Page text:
THE Second World War saw Bootle, Eskmeals, Drigg and Sellafield play an important part in the production and testing of munitions - and in the explosives they contained.

How "Cumbria's Explosive Coast" helped win the war was explained in a talk to Drigg History Group by Evening Mail Memories Page writer Bill Myers.

New Royal Ordnance factories at Drigg and Sellafield made the high explosive TNT using a variety of potetntial dangerous chemical processes.

TNT was first prepared in 1863 by the German chemist Joseph Wilbrand as a yellow dye.

It wasn’t used in German artillery shells until 1902 – and in British ones from 1907.

The growing threat posed by German leader Adolf Hitler saw employment at shell filling factories rise from 800 at just two sites in 1936 to 150,000 at 20 factories at the height of production in 1943.

By the end of the war TNT was being put into “Grand Slam” bombs of up to 22,000lb, or 9,979kg.

Construction workers were recruited from places such as Whitehaven and Cleator Moor and brought in by train and special buses.

Hostels were arranged for construction workers – and later the production workers – who had come from further afield.

At the peak of labour need in 1941 and 1942 – when both construction and production was taking place – a temporary camp next to Nethertown railway station provided space for 500 building workers.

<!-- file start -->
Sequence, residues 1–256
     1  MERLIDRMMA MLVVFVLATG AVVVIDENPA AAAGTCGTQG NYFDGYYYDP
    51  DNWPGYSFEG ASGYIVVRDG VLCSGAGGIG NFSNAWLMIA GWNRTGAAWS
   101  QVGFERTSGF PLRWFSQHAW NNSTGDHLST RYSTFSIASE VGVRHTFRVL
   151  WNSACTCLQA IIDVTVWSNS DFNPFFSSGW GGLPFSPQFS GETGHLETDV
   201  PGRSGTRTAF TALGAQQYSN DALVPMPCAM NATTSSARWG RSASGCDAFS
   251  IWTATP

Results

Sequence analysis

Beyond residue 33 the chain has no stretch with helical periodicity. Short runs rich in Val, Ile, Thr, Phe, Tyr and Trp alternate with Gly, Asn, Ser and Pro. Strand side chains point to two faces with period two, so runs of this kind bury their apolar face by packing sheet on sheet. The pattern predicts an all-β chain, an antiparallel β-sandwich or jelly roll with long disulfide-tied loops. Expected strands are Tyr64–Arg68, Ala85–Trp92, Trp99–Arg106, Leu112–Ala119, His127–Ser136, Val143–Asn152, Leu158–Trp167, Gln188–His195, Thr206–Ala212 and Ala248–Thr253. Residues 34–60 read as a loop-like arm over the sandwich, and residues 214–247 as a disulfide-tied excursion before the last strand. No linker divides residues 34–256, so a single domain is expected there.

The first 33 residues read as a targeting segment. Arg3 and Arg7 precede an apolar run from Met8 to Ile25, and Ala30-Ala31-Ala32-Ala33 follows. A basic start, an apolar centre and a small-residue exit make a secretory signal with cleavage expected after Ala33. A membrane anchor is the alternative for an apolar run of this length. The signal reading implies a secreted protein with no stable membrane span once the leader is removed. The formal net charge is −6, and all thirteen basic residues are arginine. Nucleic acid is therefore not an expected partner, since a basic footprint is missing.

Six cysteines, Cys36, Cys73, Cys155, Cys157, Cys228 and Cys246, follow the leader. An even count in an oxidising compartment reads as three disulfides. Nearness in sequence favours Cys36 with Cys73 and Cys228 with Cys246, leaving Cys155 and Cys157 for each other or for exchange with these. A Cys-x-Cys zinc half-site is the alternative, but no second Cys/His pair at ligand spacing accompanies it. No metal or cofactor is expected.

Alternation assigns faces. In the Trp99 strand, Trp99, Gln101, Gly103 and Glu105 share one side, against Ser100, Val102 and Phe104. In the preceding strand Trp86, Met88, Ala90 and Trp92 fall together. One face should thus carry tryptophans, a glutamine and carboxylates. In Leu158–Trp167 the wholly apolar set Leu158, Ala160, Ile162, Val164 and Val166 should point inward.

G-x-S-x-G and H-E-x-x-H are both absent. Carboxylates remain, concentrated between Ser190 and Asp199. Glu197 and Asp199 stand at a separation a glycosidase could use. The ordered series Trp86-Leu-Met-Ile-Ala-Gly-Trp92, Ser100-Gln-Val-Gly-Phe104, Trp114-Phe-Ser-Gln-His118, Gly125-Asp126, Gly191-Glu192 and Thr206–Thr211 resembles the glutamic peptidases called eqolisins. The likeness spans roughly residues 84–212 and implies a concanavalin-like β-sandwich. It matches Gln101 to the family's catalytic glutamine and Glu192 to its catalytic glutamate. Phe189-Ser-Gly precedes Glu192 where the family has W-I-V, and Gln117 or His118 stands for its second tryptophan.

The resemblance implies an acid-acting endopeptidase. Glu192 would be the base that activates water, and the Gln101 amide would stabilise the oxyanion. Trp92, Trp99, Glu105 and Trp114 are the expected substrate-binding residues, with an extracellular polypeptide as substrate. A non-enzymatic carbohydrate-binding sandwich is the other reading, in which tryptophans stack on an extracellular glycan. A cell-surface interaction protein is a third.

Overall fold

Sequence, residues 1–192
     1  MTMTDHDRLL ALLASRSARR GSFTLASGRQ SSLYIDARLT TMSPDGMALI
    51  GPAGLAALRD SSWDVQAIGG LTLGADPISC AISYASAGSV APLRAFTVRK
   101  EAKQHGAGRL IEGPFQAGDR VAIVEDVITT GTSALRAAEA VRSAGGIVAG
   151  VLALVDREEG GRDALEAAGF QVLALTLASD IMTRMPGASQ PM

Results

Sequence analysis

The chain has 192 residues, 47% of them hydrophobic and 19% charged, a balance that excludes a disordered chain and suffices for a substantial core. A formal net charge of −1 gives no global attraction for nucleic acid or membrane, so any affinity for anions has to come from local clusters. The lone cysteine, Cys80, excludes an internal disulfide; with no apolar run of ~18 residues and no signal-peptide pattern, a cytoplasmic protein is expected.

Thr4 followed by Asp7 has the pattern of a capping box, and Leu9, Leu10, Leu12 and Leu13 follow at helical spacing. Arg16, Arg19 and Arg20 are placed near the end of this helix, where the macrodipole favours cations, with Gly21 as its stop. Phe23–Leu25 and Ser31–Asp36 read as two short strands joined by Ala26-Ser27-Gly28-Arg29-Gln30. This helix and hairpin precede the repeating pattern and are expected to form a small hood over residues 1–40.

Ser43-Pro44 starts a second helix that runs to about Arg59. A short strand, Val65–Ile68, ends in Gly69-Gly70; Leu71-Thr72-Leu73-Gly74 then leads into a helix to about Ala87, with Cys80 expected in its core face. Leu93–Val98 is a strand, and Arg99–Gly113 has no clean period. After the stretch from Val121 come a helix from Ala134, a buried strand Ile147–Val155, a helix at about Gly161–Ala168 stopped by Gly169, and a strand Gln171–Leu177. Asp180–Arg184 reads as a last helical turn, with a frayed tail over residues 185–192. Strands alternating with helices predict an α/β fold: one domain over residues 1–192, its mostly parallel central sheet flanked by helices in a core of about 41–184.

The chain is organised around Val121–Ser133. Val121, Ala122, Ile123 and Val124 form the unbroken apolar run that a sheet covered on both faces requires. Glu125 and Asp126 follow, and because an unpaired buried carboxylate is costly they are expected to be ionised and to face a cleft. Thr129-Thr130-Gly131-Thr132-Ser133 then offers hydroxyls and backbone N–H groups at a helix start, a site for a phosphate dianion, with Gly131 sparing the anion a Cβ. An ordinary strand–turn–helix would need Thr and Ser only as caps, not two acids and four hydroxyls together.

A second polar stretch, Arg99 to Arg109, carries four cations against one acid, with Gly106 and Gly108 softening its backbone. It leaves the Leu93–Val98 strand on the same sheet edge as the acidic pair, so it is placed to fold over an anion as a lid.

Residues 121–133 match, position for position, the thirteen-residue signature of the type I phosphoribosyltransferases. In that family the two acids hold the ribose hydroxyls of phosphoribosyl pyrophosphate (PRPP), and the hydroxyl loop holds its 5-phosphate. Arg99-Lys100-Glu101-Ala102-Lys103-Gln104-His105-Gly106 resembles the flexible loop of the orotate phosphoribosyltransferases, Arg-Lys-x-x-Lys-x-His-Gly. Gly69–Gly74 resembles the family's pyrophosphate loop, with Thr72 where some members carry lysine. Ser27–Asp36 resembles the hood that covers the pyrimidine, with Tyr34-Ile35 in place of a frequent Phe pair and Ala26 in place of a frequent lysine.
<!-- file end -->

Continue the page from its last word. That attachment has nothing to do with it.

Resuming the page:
Every spare room in villages such as Seascale would have been taken by workers at ROF Drigg and Sellafield.

An annex to the Scawfell Hotel at Seascale housed some workers and up to to 50 chemists and engineers lived at Irton Hall.

The explosives factories at Drigg and Sellafield together employed 3,000 people and from the middle of 1942 women workers played an increasingly important role.

Construction work at ROF Drigg - later a low level nuclear waste repository - started in 1940.

The building work needed 4,000 workers and is said to have cost £2.5 million.

Production was underway by April 1941 and the site reached its production target of 400 tonnes per week by the end of the year.

Building work was started at ROF Sellafield in early 1942 by John Laing and Son.

Production of TNT explosives started in March 1943.

Courtaulds took over the site as a possible factory after the war but the Ministry of Supply took it back as a site for plutonium production for the British nuclear weapons programme.

The Second World War also saw extensive testing on gun barrels and munitions at Eskmeals - the gun range run by Vickers at Barrow - while shells were filled at Hycemoor, near Bootle railway station.